Startseite Kongressberichte & Archiv 2021 ASCO Annual Meeting Urogenital Cancer Genitourinary Cancer—Prostate, Testicular, and Penile

Genitourinary Cancer—Prostate, Testicular, and Penile

 
Alistair Grey, Rebecca Scott, Bina Shah, et al.
The study authors conclude that the CADMUS trial shows multi-parametric ultrasound has a diagnostic performance approaching that of multiparametric MRI and significant cancer detection is improved by the use of both scans over multiparametric MRI alone. Clinical trial information: 38541912.
 
 
Taimur T. Shah, Abi Kanthabalan, Menelaos Pavlou, et al.
The study authors demonstrate that Prostate multiparametric MRI and MRI-targeted biopsies can accurately detect and localize recurrent prostate cancer following radiotherapy. They further show that focal ablation to areas of intra-prostatic recurrence preserves continence in the majority of men with good cancer control. Clinical trial information: NCT01883128
 
 
Alan Dal Pra, Pirus Ghadjar, Stefanie Hayoz, et al.
The study authors showed that this first contemporary randomized controlled trial in patients with recurrent prostate cancer treated with early SRT without ADT has validated the prognostic utility of the GC. The further demonstrated that independent of standard clinicopathologic variables and radiotherapy dose, patients with a high-GC were more than twice as likely than a lower GC score to experience biochemical and clinical progression and receive salvage androgen deprivation therapy. They conclude, that the data confirm the clinical value of Decipher GC for tailoring treatment in the postoperative salvage setting.
 
 
Anthony Victor D'Amico, Wanling Xie, Elizabeth McMahon, et al.
The study authors conclude that adding docetaxel to ADT+RT did not prolong overall survival in men with unfavorable-risk prostate carcinoma. However, it decreased the RT-induced cancer incidence and may prolong overall survival in the subgroup of men with a PSA < 4 ng/mL by reducing PCSM. Clinical trial information: NCT00116142
 
 
Sean Matthew McBride, Daniel Eidelberg Spratt, Marisa Kollmeier, et al.
The study authors  demonstrated in the AASUR-study impressive 3-yr bRFS, rapid T recovery, and limited toxicities. The safety profile of this regimen was consistent with the known AE profile of the androgen receptor signaling inhibitors andadiation therapy. The authors recommend for this regimen a further, randomized evaluation. Clinical trial information: NCT02772588
 
 
Johann S. De Bono, Lawrence Fong, Tomasz M. Beer, et al.
HPN424 is a novel half-life extended PSMA-targeting T cell engager. The study authors conclude that this once weekly treatment was well tolerated with transient and manageable adverse events, that were consistent with the class of agent. Grade 3 cytokine release syndrom was observed in 4% of patients, occurring with the first administration of the target dose. Evidence of antitumor activity was demonstrated with PSA and CTC reductions and treatment duration > 24 weeks in 15/62 patients. The authors mention the encouraging signals that were seen at the highest fixed-dose cohort including a confirmed RECIST partial response. Clinical trial information: NCT03577028
 
 
Mark Christopher Markowski, Mary-Ellen Taplin, Rahul Raj Aggarwal, et al.
The study authors conclude that bipolar androgen therapy with intramuscular testosterone plus nivolumab was well-tolerated without safety signals of concern. Bipolar androgen therapy plus nivolumab met the pre-specified primary endpoint of confirmed PSA50 response in a heavily treated population. Durable responses were observed in a subset of patients. There is an ongoing Biomarker analysis to identify a molecular signature predictive of response. Clinical trial information: NCT03554317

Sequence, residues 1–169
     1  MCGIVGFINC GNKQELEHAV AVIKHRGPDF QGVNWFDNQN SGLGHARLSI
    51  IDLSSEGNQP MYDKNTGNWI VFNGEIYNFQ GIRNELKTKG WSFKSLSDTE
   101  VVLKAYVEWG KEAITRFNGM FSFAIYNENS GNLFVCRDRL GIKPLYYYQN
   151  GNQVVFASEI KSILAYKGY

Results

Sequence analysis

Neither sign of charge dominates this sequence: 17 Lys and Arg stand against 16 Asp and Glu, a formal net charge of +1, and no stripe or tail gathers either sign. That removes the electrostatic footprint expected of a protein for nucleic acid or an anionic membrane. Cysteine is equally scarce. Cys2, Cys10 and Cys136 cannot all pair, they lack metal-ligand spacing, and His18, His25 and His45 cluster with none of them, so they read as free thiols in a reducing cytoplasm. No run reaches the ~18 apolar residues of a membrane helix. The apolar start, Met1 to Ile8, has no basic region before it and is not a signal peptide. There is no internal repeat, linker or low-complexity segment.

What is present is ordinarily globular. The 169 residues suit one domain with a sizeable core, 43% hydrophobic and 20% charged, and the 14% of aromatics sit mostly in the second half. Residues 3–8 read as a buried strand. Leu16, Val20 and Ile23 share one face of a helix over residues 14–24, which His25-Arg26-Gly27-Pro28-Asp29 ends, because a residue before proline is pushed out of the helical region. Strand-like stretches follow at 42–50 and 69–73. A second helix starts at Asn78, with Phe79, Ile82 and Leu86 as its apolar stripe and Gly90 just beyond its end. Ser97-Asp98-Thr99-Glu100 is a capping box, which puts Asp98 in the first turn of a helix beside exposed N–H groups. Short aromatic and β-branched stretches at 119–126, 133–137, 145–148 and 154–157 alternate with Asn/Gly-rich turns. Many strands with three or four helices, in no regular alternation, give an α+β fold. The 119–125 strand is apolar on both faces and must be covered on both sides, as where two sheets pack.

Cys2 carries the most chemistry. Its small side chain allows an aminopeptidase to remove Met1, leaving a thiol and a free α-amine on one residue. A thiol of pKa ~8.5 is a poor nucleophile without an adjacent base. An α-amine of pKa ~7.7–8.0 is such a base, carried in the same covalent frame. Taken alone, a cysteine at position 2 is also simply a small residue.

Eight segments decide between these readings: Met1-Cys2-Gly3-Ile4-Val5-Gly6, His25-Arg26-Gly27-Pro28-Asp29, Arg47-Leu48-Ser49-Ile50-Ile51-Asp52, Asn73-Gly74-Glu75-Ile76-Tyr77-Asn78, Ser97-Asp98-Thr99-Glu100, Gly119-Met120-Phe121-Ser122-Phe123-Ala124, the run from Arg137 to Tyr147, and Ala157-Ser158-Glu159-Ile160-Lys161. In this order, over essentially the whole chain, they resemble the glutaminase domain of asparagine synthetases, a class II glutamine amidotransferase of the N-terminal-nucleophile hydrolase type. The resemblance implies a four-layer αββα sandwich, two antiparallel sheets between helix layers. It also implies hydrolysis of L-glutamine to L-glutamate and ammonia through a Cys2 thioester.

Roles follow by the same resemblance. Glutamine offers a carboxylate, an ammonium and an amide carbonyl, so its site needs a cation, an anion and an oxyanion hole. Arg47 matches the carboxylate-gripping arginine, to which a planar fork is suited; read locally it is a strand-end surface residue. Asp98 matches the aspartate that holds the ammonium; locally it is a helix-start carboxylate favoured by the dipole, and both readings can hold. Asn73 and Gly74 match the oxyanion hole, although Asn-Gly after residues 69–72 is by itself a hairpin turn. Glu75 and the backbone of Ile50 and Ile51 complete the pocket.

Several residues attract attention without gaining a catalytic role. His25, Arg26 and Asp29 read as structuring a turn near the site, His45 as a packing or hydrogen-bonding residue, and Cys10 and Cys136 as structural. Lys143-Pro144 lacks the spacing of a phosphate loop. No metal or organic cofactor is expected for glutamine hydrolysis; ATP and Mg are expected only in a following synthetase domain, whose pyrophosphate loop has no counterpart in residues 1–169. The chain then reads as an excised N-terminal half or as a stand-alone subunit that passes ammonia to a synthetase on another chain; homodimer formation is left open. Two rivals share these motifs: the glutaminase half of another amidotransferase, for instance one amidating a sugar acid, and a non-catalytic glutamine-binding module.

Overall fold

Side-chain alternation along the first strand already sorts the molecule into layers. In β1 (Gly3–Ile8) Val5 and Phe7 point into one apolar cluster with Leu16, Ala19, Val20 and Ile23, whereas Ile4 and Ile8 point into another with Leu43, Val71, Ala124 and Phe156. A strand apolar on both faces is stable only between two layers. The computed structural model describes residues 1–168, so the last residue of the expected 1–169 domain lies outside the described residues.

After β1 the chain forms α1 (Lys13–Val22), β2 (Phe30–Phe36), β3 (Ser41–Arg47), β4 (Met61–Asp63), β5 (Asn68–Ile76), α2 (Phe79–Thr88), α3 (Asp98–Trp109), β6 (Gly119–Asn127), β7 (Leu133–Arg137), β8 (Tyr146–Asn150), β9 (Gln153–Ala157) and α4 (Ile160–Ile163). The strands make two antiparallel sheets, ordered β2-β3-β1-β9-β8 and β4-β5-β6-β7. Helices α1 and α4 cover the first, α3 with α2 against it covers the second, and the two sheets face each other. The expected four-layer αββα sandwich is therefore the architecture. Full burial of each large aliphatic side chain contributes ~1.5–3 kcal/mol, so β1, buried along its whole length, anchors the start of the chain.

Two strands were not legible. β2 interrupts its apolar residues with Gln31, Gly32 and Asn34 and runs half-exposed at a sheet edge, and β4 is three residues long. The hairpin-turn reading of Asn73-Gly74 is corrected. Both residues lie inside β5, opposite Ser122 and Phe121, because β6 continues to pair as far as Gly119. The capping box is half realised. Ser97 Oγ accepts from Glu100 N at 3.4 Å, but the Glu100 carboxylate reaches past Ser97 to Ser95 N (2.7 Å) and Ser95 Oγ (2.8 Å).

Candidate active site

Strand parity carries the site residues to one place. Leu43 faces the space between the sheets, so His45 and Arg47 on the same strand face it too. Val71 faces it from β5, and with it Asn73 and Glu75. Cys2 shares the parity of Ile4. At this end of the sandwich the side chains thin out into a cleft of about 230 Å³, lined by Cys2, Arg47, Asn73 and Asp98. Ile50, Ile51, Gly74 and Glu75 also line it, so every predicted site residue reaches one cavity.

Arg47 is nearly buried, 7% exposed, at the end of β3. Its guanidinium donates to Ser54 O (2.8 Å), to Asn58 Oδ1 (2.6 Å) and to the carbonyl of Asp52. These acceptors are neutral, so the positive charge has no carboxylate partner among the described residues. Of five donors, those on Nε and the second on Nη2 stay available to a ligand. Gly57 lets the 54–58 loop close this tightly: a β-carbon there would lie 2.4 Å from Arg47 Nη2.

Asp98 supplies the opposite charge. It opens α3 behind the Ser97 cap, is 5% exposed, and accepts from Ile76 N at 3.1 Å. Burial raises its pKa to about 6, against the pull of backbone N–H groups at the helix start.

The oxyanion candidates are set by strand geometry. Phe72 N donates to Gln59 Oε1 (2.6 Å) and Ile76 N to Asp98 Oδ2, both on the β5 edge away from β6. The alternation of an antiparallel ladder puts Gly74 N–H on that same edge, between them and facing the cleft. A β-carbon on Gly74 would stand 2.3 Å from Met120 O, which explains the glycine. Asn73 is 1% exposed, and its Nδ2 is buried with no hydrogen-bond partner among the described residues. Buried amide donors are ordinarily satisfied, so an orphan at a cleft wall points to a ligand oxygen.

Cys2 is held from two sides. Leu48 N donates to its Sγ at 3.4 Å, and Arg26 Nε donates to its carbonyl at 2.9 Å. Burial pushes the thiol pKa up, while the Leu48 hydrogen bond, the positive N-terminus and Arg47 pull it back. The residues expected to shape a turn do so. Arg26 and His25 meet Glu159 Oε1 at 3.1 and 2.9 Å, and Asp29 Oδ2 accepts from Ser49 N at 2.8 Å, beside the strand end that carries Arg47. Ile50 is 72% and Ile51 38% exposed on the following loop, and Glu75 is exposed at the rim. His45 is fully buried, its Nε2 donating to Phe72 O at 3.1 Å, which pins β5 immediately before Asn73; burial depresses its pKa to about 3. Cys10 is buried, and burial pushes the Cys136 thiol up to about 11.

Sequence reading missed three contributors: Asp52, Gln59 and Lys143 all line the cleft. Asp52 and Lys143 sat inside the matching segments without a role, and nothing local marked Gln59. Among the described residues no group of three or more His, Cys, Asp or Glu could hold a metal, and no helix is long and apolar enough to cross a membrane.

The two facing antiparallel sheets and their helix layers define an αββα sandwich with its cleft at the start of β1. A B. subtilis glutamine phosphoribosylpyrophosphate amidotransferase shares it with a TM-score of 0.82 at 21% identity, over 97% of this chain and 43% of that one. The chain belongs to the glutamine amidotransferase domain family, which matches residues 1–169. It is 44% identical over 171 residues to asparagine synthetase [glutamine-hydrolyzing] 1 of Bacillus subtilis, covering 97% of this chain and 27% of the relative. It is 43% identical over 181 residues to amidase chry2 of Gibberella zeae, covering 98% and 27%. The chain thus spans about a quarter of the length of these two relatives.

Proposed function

Scott T. Tagawa, Michael Sun, A. Oliver Sartor, et al.
The study authors conclude that PSMA-targeted alpha-emitter 225Ac utilizing intact antibody J591 is tolerable with early evidence of clinical activity. Clinical trial information: NCT03276572
 
 
Shirin Ardeshirrouhanifard, Sophie Fosså, Robert A Huddart, et al.
The study authors conclude that discrepancies between patient-reported and audiometrically-defined HL after cisplatin-based chemotherapy are associated with several factors including age, education, tinnitus, prior noise exposure, use of hearing aids, and conductive HL.
 
 
Darren R. Feldman, Akeem Ronell Lewis, Andrea Knezevic, et al.
The study authors demonstrate in this first assessment of vaccine titers following HDCT/ASCT for germ cell tumors, that HDCT/ASCT does not result in loss of immunity to childhood vaccines and that GCT patients retain protective titers more frequently than those with Hodgkin lymphoma. Important, 15-31% of germ cell tumor patients lack MMR immunity at baseline and at 1-year post-ASCT. The study authors recommend checking MMR titers at 1-year post-ASCT with revaccination of those lacking immunity, however, titer evaluation and revaccination is not necessary for other childhood immunizations.
 
 
Jennifer King, Sandra K. Althouse, Clint Cary, et al.
The study authors conclude that patients with metastatic NSGCT who achieve complete response after 1st-line chemotherapy can be safely observed with surveillance. Most patients who relapse can be salvaged with surgery and/or chemotherapy.
 
 
Andreas Georg Wibmer, Darren R. Feldman, Carol Chen, et al.
The study authors conclude that In male germ cell tumor patients, central adiposity at baseline increases cardiometabolic risk after cisplatin-based chemotherapy, particularly for obese individuals. They recommend quantification of an individual’s body fat distribution on pre-chemotherapy CT which could potentially help to identify high-risk individuals who may benefit from intensified risk-modulating interventions.